War Child

Wednesday, April 30, 2008

This has nothing to do with Brooklyn or my house, but I wanted to take a minute to encourage anyone reading to go see the documentary film War Child, which made its premiere at the Tribeca Film Festival on Monday night. (Click here to see the remaining screening times.)

The film traces the life of Emmanuel Jal from his childhood as a child soldier in southern Sudan in the late 80s to his career as a rapper today. Emmanuel's life is a very powerful, touching story. I've had the pleasure to work with Emmanuel and director Karim Chrobog over the last few weeks and I was so impresed by these two young men and their work that I wanted to support them by encouraging all of you to see the film. If you're not in New York, check out the film's website for their upcoming festival schedule and news about distribution: www.warchildmovie.com.

Cupcakes Act 2

Saturday, April 26, 2008

I'm on my second round of cupcakes for the month of April (this time they are for Molly's birthday). I stuck with the recipe I used last time because it came out quite well and it made the perfect number of cupcakes for a small group, about 18. The recipe is the 'One Egg Cake' from the trustworthy tome, The Joy of Cooking. However, I've heard a rumor that Molly prefers chocolate icing, so she'll get a chocolate buttercream instead of vanilla.

Reason #548 to Love Brooklyn

Friday, April 25, 2008

Paul Simon. I am simply trembling with excitement to see this show tonight: Paul Simon, Gillian Welch, Amos Lee, Grizzly Bear, Olu Dara--oh yeah, and Josh Groban. And they're just down the street from my apartment!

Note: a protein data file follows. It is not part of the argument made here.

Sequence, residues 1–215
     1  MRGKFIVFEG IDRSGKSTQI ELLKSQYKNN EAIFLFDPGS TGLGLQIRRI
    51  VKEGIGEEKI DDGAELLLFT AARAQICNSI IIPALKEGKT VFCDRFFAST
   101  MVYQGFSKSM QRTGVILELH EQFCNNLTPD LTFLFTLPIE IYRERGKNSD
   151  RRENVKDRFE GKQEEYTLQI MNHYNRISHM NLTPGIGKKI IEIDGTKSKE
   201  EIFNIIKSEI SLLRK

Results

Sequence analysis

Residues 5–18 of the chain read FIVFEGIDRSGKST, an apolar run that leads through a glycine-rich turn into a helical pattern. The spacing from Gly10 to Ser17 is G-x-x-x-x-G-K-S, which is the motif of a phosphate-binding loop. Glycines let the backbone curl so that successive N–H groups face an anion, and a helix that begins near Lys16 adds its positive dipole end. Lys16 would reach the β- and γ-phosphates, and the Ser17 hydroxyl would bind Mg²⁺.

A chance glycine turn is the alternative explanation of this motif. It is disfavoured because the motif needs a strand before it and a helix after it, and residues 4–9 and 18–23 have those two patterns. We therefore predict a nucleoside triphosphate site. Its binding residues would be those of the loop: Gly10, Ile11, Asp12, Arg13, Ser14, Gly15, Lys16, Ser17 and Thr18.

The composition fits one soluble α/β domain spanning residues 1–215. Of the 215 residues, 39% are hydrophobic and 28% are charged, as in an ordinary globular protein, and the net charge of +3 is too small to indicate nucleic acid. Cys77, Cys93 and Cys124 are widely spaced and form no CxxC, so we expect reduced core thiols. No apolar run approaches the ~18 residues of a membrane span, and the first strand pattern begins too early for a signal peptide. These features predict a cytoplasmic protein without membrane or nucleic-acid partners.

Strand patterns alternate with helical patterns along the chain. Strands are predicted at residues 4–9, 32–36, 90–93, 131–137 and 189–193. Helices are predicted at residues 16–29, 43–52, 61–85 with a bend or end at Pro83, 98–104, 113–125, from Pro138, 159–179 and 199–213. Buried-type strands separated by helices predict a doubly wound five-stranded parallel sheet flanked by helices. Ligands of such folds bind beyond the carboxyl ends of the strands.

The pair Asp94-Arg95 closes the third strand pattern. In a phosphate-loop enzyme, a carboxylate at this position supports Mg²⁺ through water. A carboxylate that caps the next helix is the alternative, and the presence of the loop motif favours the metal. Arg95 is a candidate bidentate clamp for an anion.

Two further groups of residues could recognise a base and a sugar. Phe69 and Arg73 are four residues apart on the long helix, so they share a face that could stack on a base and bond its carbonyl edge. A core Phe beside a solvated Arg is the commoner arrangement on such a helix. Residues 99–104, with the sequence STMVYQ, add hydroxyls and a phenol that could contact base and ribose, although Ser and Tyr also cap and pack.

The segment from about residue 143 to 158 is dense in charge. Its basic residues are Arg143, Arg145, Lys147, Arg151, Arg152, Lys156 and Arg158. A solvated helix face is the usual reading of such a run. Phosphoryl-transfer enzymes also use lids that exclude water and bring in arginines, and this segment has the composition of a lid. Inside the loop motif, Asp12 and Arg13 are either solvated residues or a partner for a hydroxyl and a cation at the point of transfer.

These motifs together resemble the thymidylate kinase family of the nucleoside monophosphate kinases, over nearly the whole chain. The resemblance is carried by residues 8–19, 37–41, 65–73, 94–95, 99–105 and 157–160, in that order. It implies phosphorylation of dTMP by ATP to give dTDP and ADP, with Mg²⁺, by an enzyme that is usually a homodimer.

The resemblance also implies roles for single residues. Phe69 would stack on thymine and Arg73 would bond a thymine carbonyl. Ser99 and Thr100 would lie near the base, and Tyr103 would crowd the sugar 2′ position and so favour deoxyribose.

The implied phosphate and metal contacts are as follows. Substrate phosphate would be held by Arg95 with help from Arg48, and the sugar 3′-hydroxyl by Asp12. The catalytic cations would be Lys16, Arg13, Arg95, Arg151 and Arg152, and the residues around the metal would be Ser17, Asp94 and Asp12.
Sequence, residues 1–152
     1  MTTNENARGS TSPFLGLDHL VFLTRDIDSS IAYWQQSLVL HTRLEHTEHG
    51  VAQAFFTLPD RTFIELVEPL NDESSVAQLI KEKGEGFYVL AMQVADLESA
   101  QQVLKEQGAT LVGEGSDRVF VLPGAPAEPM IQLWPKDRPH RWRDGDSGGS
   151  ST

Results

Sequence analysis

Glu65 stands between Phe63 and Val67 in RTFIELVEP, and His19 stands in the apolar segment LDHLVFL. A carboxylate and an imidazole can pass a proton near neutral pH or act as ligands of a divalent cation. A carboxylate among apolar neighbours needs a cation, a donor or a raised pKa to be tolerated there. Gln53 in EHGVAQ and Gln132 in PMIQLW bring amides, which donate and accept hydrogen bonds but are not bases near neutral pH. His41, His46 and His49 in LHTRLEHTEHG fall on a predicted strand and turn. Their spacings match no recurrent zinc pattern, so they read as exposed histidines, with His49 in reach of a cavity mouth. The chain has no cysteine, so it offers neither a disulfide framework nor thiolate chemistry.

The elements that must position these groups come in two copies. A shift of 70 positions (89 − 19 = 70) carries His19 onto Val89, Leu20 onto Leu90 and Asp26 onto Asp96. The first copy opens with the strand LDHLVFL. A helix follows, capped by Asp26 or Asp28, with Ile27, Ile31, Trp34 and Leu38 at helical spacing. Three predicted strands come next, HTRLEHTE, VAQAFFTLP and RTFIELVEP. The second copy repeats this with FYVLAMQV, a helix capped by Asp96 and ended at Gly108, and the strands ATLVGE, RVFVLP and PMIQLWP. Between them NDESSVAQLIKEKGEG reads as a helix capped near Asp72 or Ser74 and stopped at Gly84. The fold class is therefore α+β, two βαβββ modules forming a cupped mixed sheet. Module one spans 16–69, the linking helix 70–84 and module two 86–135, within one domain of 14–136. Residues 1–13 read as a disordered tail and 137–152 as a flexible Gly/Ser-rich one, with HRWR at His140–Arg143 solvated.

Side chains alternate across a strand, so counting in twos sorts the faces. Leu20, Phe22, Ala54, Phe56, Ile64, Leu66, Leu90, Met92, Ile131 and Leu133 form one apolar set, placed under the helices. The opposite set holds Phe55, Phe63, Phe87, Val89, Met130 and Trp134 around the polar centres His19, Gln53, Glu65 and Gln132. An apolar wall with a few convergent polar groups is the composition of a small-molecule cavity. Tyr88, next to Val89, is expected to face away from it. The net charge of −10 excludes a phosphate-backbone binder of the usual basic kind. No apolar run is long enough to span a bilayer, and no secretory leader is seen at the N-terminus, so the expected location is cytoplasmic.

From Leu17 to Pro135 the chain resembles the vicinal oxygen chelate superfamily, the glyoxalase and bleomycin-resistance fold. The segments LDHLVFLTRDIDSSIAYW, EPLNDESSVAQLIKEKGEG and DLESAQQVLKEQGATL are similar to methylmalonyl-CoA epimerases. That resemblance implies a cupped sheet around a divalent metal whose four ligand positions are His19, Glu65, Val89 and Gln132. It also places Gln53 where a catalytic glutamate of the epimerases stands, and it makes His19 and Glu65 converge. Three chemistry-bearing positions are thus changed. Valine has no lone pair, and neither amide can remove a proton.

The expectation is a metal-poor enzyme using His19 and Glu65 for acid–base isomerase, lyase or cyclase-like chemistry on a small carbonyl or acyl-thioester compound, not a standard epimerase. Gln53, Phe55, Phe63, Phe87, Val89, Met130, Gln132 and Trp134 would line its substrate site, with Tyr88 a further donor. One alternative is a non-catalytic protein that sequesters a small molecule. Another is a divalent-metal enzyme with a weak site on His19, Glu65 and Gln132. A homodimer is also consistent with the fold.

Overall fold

Cork Creation

Sunday, April 13, 2008

Here's a smart way to put old wine corks to good use from Design*Sponge. These trivets and coasters are made of sliced-up corks stitched together with thread. I love the finished look of the variegated color of the corks. However, I can't imagine myself taking the time to actually cut up a bunch of bottle stoppers and sew them together.

Object of Desire: Script Lamp

Saturday, April 12, 2008

I love, love, love this orange desk lamp from CB2. You have to see it in person to see how great the color and finish are on this desk lamp, but trust me: it's handsome. And at $59.95 it's not such a bad deal (and yes, I know Ikea has $15 desk lamps that are a better deal).

Paper Art Project

Friday, April 11, 2008

Here's a cute idea for wall art from Jordan Ferney of Oh Happy Day (a blog I read and fantasize about what life would be like on the Left Coast). Looks like it wouldn't be too hard to execute, and the finished results look great.

A Clever Cup

Wednesday, April 09, 2008

Here's a new riff on the ceramic disposable cup. It's pretty darn cute.

Cupcakes at Midnight

Friday, April 04, 2008

Sometimes being a big sister means frosting cupcakes at midnight when you desperately wish you were asleep in bed. My cupcakes aren't half as good looking as the strawberry birthday cake my mother baked on my sis's second birthday (see below), but I think they'll taste good. Tonight we're celebrating my sister's 26th birthday. It will be her first birthday as a New Yorker, and I feel so lucky to have her here in this fine city.